The average cost to settle an auto
fatality has increased from nearly $1.9
million in the mid-2000s to more than
$3.5 million, Jonathon Drummond, head
of casualty brokerage for Willis Towers
Watson, writes in its “Marketplace Reali-ties 2018” report. Both calendar years
2015 and 2016 witnessed auto fatalities
grow in excess of 2,000 compared to
prior year norms, he added. Combined
with settlement growth, this has created
additional industry-projected liabilities of
“We’re seeing rate increases of 20%
or more across the board,” Drummond
tells NU. “With accounts with bad loss
histories, rate increases are 50% or
100%.” The swiftly hardening market is
keeping companies in this segment, he
notes, adding that Willis is seeing few
companies leave the space — and those
that do soon regret it once they reconsider the possibility of 100% rate increases.
Scott McCrae, executive vice president of product and technology for
Carlsbad, Calif.-based CTC Transportation Insurance Services, says that the
commercial trucking insurance segment
has experienced a combined ratio of 106
to 109 since 2016 with no relief in sight,
especially because a lot of older $50,000
trucks are being replaced with new
$150,000 models that are far more
expensive to repair.
Between that and a low inter-
est rate environment, says McCrae,
most outfits writing commercial truck-
ing coverage are currently losing money
on it. Across the market, rate increases
between 6% and 12% are normal.
Most U.S.-based, admitted domestic
carriers would love more rate, he says,
but few states will give it to them, so they
must settle for successive rate increases
year-over-year to get where they feel
their premiums need to be. In this loss
environment, McCrae says that will take
most carriers two to three years if they
haven’t started already.
“Now, if the insured is with a non-
admitted carrier or a risk-retention
group not faced with those same rate
restrictions, those carriers are much less
encumbered,” McCrae notes. “We own
two risk-retention groups, so if we want
to double our rate in one year, we can
do it. We have that greater flexibility.
We took rate over the last two years, so
we don’t have to take as much this year.
We’ve already taken it.”
It will take even longer for the cargo
segment to get the rate it needs, says
Chris Daggett, head of CTC’s cargo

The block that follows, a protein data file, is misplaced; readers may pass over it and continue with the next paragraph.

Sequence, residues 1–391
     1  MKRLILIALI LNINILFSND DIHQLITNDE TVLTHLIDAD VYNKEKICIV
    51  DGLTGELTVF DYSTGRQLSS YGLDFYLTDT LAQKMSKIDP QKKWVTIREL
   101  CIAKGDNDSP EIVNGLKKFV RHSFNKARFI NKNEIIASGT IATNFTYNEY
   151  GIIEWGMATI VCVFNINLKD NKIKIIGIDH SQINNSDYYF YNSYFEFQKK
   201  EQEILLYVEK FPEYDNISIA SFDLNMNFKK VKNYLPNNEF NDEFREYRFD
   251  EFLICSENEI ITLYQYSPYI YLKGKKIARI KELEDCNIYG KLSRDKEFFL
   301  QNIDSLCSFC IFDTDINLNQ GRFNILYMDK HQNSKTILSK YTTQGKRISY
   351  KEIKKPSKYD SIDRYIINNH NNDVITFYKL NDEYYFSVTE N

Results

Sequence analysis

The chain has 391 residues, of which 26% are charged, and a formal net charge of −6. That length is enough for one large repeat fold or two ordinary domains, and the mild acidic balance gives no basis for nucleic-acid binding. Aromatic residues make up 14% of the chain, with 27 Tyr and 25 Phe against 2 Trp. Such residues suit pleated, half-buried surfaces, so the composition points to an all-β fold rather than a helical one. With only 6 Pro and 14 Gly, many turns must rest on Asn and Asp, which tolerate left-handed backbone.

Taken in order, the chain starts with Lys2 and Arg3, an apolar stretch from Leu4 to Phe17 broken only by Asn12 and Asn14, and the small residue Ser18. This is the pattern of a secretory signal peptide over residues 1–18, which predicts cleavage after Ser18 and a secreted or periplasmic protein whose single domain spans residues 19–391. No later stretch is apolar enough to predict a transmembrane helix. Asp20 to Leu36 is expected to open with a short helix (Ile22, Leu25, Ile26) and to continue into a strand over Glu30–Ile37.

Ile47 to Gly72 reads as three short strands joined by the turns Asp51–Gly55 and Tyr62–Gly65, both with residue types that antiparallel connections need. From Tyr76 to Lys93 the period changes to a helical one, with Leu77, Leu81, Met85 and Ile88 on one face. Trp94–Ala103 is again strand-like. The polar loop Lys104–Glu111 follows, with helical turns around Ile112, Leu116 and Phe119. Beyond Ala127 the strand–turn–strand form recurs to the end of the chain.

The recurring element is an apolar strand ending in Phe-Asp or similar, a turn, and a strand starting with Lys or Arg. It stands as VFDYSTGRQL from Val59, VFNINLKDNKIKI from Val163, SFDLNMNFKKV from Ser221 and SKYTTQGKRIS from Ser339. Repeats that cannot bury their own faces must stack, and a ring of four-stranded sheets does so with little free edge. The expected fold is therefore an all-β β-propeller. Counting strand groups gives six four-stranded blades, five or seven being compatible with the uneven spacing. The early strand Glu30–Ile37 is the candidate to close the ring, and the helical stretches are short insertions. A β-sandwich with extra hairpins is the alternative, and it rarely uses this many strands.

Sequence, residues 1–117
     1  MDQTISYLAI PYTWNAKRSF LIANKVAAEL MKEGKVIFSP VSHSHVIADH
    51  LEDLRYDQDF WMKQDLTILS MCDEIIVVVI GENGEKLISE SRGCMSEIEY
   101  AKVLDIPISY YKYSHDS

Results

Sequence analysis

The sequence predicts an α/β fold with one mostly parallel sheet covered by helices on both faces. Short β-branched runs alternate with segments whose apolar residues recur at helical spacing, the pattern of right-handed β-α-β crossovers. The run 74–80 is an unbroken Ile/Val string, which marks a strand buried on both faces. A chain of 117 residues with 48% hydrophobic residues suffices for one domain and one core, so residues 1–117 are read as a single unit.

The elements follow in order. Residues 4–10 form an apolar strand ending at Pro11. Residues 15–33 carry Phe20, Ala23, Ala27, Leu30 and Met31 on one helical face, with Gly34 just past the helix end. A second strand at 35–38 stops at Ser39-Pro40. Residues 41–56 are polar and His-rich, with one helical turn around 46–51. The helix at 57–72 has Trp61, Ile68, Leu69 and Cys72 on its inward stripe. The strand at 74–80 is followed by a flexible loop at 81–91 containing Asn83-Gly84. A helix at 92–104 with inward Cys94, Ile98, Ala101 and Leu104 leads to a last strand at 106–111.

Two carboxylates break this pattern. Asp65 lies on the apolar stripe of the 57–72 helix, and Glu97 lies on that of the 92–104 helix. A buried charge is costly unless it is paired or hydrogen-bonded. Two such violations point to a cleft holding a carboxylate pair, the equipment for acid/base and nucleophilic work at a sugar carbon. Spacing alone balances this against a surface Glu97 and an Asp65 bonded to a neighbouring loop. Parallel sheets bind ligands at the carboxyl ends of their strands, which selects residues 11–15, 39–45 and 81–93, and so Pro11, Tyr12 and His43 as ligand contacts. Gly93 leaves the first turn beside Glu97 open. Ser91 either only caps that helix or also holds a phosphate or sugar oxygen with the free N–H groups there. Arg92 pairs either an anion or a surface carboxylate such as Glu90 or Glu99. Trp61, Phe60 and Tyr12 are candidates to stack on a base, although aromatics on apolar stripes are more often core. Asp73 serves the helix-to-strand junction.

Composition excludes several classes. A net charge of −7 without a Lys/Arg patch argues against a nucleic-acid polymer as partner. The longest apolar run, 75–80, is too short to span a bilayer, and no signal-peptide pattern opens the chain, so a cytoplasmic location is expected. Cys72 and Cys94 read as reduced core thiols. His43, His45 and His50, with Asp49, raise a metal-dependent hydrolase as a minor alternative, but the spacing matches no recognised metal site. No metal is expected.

practice. “There are a lot of markets out
there now that are charging roughly the
same premiums they charged 20 years
ago, and were content just to break
even,” Daggett says. At larger carriers, he
adds, cargo is usually folded into a larger
book of inland marine business, so there
is not as much sense of urgency to get
rates to a sustainable level.
Controlling losses is the other half of the
equation, and on that front the big story
is the December 2017 implementation
of a long-awaited rule from the FMCSA
that trucks must have an electronic
logging device (ELD) to accurately track
and manage a vehicle’s records of duty
status. Synchronized to the vehicle’s
engine, the ELD automatically records
driving time, enabling carriers to better
comply with federal limits on how long
drivers can safely drive in a day.
It took years for the law to overcome
industry objections, but forward-thinking firms pre-emptively installed the
ELDs and used the telematics data they
provide to monitor driving behavior,
coach inexperienced drivers, reward
safe drivers and dismiss unsafe ones.
Drummond says that self-insureds
operating up to thousands of trucks
and employing InsurTech and telematics are seeing retained losses in the $1
million to $2 million range — better
than the insurance-industry average.
Additionally, they have lower loss
ratios on their primary limits.
Elsewhere, the American Automobile
Association Foundation and the Alliance
for Driver Safety & Security (the Truck-
ing Alliance) joined forces late last year
when the Trucking Alliance announced
it would adopt the AAA Foundation’s
new Truck Safety Recommendations.
Those recommendations — which
include use of various warning, moni-
toring and braking systems — could
prevent as many as 77,000 crashes
and save up to 500 lives each year. The
Trucking Alliance also requires member
companies, which include 250 of the
largest motor truck carriers in the U.S., ISAAC INS TRUMENTS INC.
It took years for the law to overcome industry objections, but
forward-thinking firms installed the ELDs pre-emptively and used
the telematics data they provide to monitor driving behavior, coach
inexperienced drivers, reward safe drivers and dismiss unsafe ones.